Monroe County Parks in Peril
Monroe County parklands are under siege.
Powder Mills Park - This park is next for a Master Plan Revision. It is almost certain that mountain biking will be considered in this park. This park is a jewel in the Southeast corner of Monroe county, used daily by hundreds of people. Opening this park to legal Mt. Biking will create dangerous conditions for all pedestrians (see pedestrian/mt. bike incidents) and cause irreversible destruction to glacial ridges and sensitive wetlands. Read the Ellison Parks Master Plan section to see what similar issues and concerns will come with this change. (Image to right is a comparison of a slope in Bay Park West where no Mt. Biking had been permitted and Tryon park where illegal biking had been tacetly permitted for decades and is now legal.)
Attend this meeting. It is your chance to voice your thoughts for the future of Powder Mills Park.
Protect Powder Mills Park - Facebook Page
Monroe County Website - Powder Mills Park
That fall, requests for proposals were sent to selected developers for a plan that destroys existing habitat while claiming to construct wetlands. This is an attempt to commercialize our parks - to turn them into a revenue producing asset.
The following spring some of the most sensitive forested hillsides in parks along Irondequoit Bay were authorized for mountain biking. The Parks Department ignored grave concerns about safety from multitudes of park users. It ignored concerns about erosion and environmental impacts, raised by many environmental groups. One small special interest group - mountain bikers - had an influence well out of proportion to its size.
None of this bodes well for the future of our Monroe County Parks - a resource valued by many thousands of residents. The Monroe County Parks Department, in the Maggie Brooks administration, has set in motion policies that could cause long-lasting harm to this great natural legacy.
When the early visionaries - Olmsted, Fairchild and others - envisioned setting aside our park lands for the enjoyment of future generations, they chose lands that were rich in natural diversity. Just as Teddy Roosevelt did for Yellowstone. Our parks are a living museum – our legacy to our grandchildren and beyond. Mr. Fairchild and Mr. Olmsted would be horrified to learn that our current park administrators – charged with stewardship of these great resources - misunderstand their critical role.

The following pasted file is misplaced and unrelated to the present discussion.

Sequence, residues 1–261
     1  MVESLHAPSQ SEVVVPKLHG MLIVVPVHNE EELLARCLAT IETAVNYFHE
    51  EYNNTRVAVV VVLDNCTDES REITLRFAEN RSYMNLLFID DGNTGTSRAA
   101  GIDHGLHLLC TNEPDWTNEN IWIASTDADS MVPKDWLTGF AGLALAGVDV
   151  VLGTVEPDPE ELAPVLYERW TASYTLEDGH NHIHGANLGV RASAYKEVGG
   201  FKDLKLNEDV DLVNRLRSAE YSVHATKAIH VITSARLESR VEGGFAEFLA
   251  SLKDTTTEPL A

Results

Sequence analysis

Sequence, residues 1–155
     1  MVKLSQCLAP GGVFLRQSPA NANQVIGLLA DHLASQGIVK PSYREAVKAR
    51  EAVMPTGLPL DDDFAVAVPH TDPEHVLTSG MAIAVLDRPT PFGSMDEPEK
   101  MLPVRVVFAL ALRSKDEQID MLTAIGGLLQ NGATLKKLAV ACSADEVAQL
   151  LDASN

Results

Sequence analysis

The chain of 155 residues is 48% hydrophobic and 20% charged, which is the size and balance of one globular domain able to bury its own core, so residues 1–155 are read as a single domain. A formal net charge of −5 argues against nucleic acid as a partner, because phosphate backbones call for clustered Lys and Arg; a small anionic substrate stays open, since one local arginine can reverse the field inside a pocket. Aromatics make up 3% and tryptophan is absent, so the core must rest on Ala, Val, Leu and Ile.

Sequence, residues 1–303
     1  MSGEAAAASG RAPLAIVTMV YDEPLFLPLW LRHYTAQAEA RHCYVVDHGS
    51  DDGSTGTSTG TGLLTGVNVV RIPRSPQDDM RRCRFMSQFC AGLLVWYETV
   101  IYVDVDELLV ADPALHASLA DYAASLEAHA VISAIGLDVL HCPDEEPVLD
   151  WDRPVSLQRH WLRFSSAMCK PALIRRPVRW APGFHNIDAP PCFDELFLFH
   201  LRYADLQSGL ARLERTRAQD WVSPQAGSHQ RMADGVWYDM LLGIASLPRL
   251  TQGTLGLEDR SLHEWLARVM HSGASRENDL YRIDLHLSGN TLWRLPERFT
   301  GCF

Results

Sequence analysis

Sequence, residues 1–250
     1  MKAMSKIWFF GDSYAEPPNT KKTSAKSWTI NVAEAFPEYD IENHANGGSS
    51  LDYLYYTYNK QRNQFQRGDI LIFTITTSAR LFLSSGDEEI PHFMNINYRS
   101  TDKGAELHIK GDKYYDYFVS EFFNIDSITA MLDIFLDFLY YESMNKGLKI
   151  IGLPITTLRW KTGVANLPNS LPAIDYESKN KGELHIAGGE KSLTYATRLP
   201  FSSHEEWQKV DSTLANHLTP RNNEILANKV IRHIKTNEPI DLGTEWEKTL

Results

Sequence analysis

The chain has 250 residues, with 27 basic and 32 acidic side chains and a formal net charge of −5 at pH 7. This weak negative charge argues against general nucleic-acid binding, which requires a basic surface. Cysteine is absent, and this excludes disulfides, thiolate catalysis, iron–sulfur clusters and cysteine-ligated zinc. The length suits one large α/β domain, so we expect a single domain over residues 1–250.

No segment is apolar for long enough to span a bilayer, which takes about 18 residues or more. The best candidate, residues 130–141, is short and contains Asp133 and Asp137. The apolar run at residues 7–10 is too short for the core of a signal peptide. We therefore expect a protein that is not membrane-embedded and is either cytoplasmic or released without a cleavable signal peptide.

Our parks are not a playground to be used in just about any way that a special interest group desires. Our parks are not a commodity to sell. They are our legacy.
Issues Concerning Our Parks
Parks at Risk of Irreversible Changes:
Wetland Mitigation Banks (Black Creek Park)
Fiscal crisis has caused our current county administration to target our parks for exploitation in the form of constructed wetlands. Last year, a feasibility study was conducted for the County to investigate placing constructed wetlands, known as “mitigation wetland banks” in our parks. A county Department of Environmental Services presentation given in July of 2009 described the selection of Monroe County Parks for wetland mitigation simply due to their accessibility. Black Creek Park is at the top of both studies. Parks Director Larry Staub stated at a PAC (Parks Advisory Committee) meeting that this is an acceptable use of our parks and fits with park purposes.
Right: Fencing at recently identified mitigation site in Black Creek Park.
Below: "Wetland" created at Black Creek Park in 2006 to mitigate wetlands taken at county airport.
Ellison Area Parks - County allows Mt. Bikes in Master Plan - The 6 Parks surrounding Irondequoit Bay were part of a recent Master Plan revision done with lipservice to "public input", "community partnerships" and "meeting needs of the community", but in reality was created with one special interest group in mind. There was no consideration of the unique and fragile geological terrain, safety of current users or the public outcry against this plan. This special interest group had the inside political and possibly financial connection. The remaining Parks users, you, do not have this connection. Read More
Oatka Creek Park - Turned into Soccer Fields. This meadow once known and enjoyed for its Bluebirds and rich butterfly diversity was chosen as a site for two new soccer fields. The community - the parks users - was not informed or included in the decision. No study was done, it was simply deemed that there was no impact. Our parks should not be allowed to be altered with so little thought or regard to their natural legacy to appeal to a special interest group - especially when additional space exists at the public school campus not more than 2 miles away.
For more information about Oatka Creek Park: Friends of Oatka Creek Park Blog
UPDATE: "Friends of Oatka Creek Park" lost the case to protect this field on the grounds that "while no formal fields have ever existed in the park, the affected land has been frequently used in the past for athletic activity. The proposed physical improvements are merely designed to accommodate increased utilization of the park's and are minimally intrusive, involving no structural erection."
In other words, this is an improvement and not a loss to our Parks. Read Decision.